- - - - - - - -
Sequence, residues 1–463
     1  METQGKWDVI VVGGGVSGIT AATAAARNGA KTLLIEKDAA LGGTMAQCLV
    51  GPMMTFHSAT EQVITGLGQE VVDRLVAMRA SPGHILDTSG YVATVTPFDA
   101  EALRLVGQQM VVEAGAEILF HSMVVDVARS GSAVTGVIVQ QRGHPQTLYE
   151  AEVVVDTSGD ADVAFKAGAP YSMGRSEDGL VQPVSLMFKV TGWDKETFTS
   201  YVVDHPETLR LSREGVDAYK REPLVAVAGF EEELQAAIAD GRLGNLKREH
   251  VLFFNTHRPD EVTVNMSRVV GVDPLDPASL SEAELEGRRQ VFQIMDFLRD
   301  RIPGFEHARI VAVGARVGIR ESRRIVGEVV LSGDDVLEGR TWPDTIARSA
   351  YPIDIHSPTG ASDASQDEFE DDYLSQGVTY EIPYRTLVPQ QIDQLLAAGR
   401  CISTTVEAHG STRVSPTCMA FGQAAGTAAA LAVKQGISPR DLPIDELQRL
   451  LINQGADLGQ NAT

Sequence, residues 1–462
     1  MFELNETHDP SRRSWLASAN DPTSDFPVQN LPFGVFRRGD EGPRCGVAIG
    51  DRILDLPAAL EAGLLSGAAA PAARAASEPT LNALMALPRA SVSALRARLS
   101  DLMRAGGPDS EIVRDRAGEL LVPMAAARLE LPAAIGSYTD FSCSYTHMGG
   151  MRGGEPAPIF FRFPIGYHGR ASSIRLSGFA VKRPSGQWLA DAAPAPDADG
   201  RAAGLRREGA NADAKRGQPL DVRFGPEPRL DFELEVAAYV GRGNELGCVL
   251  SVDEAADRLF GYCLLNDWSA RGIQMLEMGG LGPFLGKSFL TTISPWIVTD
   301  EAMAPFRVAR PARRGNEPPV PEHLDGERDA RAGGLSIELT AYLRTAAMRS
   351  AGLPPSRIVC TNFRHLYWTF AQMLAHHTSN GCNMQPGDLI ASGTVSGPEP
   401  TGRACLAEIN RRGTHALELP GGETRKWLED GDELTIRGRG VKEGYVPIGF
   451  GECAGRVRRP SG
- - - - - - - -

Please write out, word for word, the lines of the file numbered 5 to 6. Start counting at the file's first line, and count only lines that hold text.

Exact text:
   151  AEVVVDTSGD ADVAFKAGAP YSMGRSEDGL VQPVSLMFKV TGWDKETFTS
   201  YVVDHPETLR LSREGVDAYK REPLVAVAGF EEELQAAIAD GRLGNLKREH